Platelet-Rich Plasma (PRP)
Platelet-Rich Plasma (PRP) is processed blood plasma, a concentration of plasma with platelets from which red blood cells and white blood cells are removed. This concentration of PRP taken from the patient’s own blood is injected into the scalp to promote hair growth. The scalp is that the skin that covers the top part of your head. Platelets are known to be a reservoir of growth factors that stimulate tissue recovery by increasing blood flow and cytokines. They are known to be responsible for stimulating and enhancing hair follicle function. PRP therapy for hair loss is a three-step medical treatment in which a person’s blood is drawn, processed, and then injected into the scalp. Some in the medical community think that PRP injections trigger natural hair growth and maintain it by increasing blood supply to the hair follicle and increasing the thickness of the hair shaft. Sometimes this approach is combined with other hair loss procedures or medications.
PRP therapy process
PRP therapy is a three-step process. Most PRP therapy requires three treatments 4–6 weeks apart. Maintenance treatments are required every 4–6 months.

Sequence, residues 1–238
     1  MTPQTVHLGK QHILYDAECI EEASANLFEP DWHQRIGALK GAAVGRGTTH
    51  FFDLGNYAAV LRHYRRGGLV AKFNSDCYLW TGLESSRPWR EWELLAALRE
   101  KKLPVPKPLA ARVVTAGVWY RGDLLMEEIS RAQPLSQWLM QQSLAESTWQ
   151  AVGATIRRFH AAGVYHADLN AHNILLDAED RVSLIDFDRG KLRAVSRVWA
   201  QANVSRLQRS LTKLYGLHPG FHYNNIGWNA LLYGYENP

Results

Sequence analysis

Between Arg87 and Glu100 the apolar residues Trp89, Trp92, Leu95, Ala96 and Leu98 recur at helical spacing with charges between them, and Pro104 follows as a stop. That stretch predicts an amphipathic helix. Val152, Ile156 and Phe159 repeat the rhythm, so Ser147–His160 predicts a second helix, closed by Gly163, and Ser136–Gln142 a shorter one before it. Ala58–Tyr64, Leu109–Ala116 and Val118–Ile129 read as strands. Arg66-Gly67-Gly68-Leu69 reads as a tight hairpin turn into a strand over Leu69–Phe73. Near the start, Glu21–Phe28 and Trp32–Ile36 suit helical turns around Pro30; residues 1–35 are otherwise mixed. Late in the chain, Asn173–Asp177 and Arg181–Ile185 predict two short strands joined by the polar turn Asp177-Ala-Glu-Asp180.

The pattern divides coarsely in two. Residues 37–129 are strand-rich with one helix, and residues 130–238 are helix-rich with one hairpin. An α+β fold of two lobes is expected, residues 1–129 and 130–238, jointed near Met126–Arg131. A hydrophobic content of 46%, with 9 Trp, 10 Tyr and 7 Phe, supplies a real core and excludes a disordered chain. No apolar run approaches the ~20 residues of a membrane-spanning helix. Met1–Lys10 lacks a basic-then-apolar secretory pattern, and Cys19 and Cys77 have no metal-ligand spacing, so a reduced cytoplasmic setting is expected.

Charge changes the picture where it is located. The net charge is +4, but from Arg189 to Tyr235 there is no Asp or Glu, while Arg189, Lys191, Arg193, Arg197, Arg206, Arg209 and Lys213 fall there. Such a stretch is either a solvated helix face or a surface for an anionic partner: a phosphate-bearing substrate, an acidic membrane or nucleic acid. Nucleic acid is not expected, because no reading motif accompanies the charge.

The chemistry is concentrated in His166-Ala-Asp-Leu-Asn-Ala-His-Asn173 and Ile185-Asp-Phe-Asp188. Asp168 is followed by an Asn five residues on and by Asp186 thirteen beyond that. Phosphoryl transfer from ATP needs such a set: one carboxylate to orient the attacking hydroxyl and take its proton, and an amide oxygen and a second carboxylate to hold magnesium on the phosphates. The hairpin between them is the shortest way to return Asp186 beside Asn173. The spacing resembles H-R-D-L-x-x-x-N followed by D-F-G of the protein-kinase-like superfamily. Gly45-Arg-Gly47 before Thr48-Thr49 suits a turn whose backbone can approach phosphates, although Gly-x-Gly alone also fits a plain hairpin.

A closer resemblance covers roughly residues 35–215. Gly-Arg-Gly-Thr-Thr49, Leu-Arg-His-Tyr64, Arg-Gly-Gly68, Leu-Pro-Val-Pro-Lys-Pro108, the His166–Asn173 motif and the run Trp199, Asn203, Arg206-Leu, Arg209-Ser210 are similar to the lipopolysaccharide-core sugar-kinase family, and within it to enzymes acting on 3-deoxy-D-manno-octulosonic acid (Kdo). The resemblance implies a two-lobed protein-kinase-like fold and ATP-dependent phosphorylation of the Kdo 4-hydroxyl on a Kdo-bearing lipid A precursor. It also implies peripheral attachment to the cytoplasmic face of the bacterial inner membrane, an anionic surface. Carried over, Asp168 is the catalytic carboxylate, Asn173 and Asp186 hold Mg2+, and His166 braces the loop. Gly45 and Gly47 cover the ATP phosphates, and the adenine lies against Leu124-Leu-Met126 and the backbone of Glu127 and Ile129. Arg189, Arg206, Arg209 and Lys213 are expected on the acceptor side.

Your blood is drawn — typically from your arm — and put into a centrifuge (a machine that spins rapidly to separate fluids of different densities).
After about 10 minutes in the centrifuge, your blood will have separated into in three layers:
- platelet-poor plasma
- platelet-rich plasma
- red blood cells
The platelet-rich plasma is drawn up into a syringe and then injected into areas of the scalp that need increased hair growth. Each treatment takes a few minutes and causes no downtime or adverse side effects.
For best results, consistency is the key. Treatments are typically performed once a month for the first three to four months, and even every three to six months thereafter, depending on the individual patient’s response and results. Following this protocol, anticipated results can first be seen within two to three months.